To catch bait look just inside the pass and just outside the pass for schools of bait fist flipping. Use a Sabiki rig to catch the bait fish. Most of the time a regular Hayabusa bait rig works great, Sometimes during a full moon the bait fish can be very finicky and difficult to catch. During this time you may need the Fluorocarbon Hayabusa bait rig to get them to bite. One of the things most people hate about catching bait is how to store the Sabiki rigs at the end of the day. I cut 4 or 5 pieces of pvc pipe 5ft long and zip tie to attach them to a leg of the T-top, I slide the bait rig lead first into the pvc pipe and hook the last hook on the edge. This way the rigs does not just stay tangled on the rod at the end of the day. [back to top]
During the hottest summer months the kings will bite all day, but during the hottest part of the day sometimes planers and trolling leads just don’t get deep enough to get bites. When it gets this hot, a downrigger will allow you to fish as deep as you need to get bites. Many days we find we need to be fishing 50ft to 100ft deep to get bites. You’ll need to get a downrigger ball 8lb-10lb.
The downrigger will come with a downrigger clip that you attach to the ball and the clip to hold your line. Most clips are spring loaded. To adjust the tension on how hard the fish needs to pull to release the line, place it towards the front of the clip for the least amount of tension and further back on the clip to make it harder for the fish to pull. If you are trolling larger baits you may need to wrap a rubber band around the clip to add extra tension. [back to top]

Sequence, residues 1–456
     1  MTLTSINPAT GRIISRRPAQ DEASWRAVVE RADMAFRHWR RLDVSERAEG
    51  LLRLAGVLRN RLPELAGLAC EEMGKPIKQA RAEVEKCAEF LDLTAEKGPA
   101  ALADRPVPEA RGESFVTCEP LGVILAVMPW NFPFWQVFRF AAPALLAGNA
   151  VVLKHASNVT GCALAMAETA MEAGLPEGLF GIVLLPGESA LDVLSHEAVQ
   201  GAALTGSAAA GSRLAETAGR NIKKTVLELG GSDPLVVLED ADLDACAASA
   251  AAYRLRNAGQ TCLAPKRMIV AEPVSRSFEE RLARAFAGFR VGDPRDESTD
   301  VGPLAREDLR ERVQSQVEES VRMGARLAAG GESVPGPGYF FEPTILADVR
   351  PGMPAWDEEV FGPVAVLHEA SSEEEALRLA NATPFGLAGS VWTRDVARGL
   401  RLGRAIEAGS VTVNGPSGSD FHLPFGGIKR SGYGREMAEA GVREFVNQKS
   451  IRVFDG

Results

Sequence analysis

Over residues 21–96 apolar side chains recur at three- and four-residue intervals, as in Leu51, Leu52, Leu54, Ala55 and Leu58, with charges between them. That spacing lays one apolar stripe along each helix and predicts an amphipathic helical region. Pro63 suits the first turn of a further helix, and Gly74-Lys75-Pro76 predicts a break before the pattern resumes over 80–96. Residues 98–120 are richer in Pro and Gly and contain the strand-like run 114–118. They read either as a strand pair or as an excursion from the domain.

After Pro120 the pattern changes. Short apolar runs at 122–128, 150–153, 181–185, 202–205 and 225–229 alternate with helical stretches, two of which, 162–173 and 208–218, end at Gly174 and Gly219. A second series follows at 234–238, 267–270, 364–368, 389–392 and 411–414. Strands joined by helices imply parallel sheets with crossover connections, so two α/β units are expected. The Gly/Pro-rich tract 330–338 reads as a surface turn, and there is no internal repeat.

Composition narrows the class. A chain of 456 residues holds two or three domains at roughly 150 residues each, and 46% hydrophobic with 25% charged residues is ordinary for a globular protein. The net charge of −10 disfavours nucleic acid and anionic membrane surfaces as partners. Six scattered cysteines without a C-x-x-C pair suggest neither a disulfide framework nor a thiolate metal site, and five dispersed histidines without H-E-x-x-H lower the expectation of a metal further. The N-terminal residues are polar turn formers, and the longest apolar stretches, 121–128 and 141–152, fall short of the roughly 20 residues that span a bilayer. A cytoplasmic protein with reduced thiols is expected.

Rod holder mount.
Just for the fun of it, you can drift fish for kings with live or frozen cigar minnows. Also any time you are out bottom fishing it does not hurt to throw out a drift line. Most anytime you are bottom fishing you should be in a good area to get king mackerel. [back to top]
After the Catch
Once you have caught some kings, proper storage on the boat will make a huge difference in the quality of the catch later. Kings are one of the oiler fish and have a softer flesh. Most people would just throw it in a cooler of ice. While this does a good job, it can help to make a small slit just under the pectoral fin to bleed the fish out. Then, put the fish in a cooler that has a slush of ice and saltwater to keep the fish much colder (the saltwater drops the freezing point and makes the ice colder).
Kings are good fried and excellent smoked and made into fish dip.
Also, don’t use too big a gaff, something with t 2 and not more than 3-inch hook works best for king mackerel.
- 1 cup salt
- 1 cup brown sugar
- 1 cup lemon juice
- 2 cups Ketchup
- 1/2 cup Worcestershire sauce
- 1 can beer
- 1 tablespoon red pepper
- 2 or 3lbs fish
Wash and dry fish, Smoke fish over hickory chips. Once you have the fish smoked let cool and crumble the fish with your hands into a bowl and add:
- 8oz sour cream
- 1 cup Duke’s Mayo
- 1 large onion sauteed
- 4 tablespoons pickle relish
- Pepper to taste
If you like it kicked up a little, dust the fish with Jerk Seasoning or Tony Chachere’s Creole seasoning before you smoke the fish. [back to top]
This tip was provided by our own fishing expert Tim Broom, Half Hitch Destin. Get the PDF here: GCSSS-kingmackeral.pdf